From there back down the Champs D’Elysses, and into the road on which Mugabe’s chosen hotel stood. A road lined with shops, filled with designer goods – Gucci, Prada - , the price of which the average Zimbabwean could hardly dream of, but its first lady routinely wears. Outside the hotel, the press had gathered, at the ready. We waited there for Peter. But our arranged time passed, and we could see the press getting restless, nothing happening, nothing to report. So we made our move. Rushed forwards, shouting and waving our banners. Yelled until we were hoarse. ‘Arrest Mugabe, arrest Mugabe for torture.’ ‘Arrest Mugabe, arrest Mugabe for torture.’ ‘Chinja, Maitiro.’ ‘Murderer, Murderer’. ‘Mugabe must go.’ ‘Arrest Mugabe, Save Zimbabwe.’

The media’s cameras trained on us. The police circling, jostling us, ripping the flags we carried and the banners from our hands. Slowly we were pushed further and further from the hotel entrance. Again more police than protesters, not asked to disband but slyly rounded up behind barriers, enclosed in a makeshift cage. Still we shouted, arousing the curiosity of passers by. And then a police bus arrived and one by one we were escorted onto it. To be taken where, we did not know. None of the police would tell us: ‘just to take your identity’. We pushed our faces against the clear sections of the window, past the press and Peter Tatchell who must have arrived as we were being rounded up.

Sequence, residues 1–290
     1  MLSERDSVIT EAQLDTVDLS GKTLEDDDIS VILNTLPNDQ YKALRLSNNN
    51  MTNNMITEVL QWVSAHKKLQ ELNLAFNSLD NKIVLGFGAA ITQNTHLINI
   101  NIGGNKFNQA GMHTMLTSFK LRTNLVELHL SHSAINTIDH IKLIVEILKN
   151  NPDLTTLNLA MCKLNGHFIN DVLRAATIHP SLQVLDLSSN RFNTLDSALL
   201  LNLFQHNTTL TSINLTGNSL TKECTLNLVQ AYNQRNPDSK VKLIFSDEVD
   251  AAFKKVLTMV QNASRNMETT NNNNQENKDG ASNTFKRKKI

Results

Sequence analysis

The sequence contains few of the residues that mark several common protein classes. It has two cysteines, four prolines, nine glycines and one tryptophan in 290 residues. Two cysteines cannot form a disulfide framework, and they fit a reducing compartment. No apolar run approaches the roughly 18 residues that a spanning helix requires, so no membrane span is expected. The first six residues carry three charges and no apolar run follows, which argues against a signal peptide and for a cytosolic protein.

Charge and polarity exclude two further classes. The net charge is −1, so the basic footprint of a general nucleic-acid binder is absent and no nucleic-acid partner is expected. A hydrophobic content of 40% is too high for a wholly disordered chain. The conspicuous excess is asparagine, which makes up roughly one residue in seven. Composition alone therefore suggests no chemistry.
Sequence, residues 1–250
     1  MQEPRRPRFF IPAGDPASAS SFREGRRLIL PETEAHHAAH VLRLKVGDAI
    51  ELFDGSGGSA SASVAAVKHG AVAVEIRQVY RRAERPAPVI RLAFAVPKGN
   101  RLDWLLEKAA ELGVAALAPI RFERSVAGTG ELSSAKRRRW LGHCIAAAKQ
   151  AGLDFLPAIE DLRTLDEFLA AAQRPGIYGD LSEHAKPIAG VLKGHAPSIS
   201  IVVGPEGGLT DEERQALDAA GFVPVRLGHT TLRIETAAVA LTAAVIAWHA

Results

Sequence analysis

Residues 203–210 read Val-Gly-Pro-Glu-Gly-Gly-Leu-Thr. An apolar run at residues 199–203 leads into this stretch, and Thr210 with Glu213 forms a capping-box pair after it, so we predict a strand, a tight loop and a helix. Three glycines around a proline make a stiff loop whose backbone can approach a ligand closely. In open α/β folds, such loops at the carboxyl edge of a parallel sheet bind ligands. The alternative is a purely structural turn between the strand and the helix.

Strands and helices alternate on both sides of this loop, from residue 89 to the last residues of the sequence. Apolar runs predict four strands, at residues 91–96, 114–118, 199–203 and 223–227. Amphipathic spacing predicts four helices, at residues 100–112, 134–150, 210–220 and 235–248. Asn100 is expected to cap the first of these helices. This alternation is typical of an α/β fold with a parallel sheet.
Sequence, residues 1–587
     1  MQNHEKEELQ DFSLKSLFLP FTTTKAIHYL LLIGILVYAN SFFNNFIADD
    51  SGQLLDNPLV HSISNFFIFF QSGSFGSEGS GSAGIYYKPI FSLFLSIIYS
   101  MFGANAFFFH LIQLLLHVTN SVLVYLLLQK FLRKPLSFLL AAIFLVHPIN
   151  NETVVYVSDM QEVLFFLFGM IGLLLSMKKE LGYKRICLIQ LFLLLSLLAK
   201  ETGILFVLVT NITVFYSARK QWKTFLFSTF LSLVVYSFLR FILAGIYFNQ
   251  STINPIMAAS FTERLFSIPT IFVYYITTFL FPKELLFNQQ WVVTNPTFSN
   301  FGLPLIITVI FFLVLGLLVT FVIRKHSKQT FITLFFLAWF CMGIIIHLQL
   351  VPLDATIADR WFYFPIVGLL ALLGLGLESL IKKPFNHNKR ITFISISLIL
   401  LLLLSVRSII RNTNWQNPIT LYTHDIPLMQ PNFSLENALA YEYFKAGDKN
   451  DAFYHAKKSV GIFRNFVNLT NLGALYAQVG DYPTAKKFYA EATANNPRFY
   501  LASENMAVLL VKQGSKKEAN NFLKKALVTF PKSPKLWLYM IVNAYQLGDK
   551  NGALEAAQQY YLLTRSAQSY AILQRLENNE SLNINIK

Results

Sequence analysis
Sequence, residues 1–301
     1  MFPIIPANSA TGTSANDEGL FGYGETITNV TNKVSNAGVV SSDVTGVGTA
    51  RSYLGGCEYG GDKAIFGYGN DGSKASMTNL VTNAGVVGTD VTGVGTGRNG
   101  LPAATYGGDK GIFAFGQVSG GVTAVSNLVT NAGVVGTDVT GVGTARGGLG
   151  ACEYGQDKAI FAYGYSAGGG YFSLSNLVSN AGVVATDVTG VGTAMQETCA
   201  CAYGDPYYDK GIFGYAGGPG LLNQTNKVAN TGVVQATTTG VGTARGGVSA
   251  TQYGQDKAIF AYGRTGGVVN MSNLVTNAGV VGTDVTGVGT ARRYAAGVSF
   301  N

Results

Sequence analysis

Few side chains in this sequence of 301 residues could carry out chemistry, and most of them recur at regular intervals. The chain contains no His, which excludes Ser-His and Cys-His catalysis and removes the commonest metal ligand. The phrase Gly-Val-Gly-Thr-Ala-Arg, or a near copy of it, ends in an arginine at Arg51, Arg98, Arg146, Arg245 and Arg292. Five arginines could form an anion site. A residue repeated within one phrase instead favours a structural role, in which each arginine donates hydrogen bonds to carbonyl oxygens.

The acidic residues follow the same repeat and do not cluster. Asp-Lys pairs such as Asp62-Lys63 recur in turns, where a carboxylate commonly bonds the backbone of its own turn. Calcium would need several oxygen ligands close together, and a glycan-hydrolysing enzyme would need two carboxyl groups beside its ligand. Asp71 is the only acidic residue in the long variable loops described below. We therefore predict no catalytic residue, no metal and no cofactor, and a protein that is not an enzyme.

And then, a winding sirened journey (reminiscent of Mugabe’s passing through the streets of Harare – a high speed motorcade) past the Eiffel Tower, up the Champs D’Elysses and by the Arc d’Triomphe, and into a suburb none of us knew. A tour of Paris unexpected. We were surprisingly jubilant. Messages came through on our phones from London, from South Africa, from Ghana and from Harare. We were on Sky, the BBC; the news had gone around the world. We had been seen.

ZimVigil in Paris

Herded then, out of the bus, and into a holding cell where first our cameras were taken, then our mobile phones, and then our bags. Telling us nothing of how long we would be held, what would happen.

And here I sit now. Arrived at 5.20 pm. In this cell, 6 by 12 feet, glass panelled on the one side so all our movements are monitored. My writing is covertly undertaken as all pens were confiscated along with everything else. We pass round the bombay mix, padkos for a journey we never knew we’d take.

Three of us have been taken out for interviews, they went at five to seven. Unsure of what will happen. We must be on the plane back to London by twenty to ten and between then and now we must still navigate our way through Paris, a city we hardly know.

We were finally released after 8 o’clock, the policewoman on duty taking all our details and a group statement. She seemed embarrassed by our being detained. Our possessions were returned but not our flags and banners, ‘must be destroyed’ we were told, much to our disbelief. And then it was a mad rush to get to the airport, a combination of metro and taxi getting us there just in time. On board we had champagne and each of us gave a toast ‘To the next time’ ‘To change at home’ ‘To the end of a brutal regime’.

SD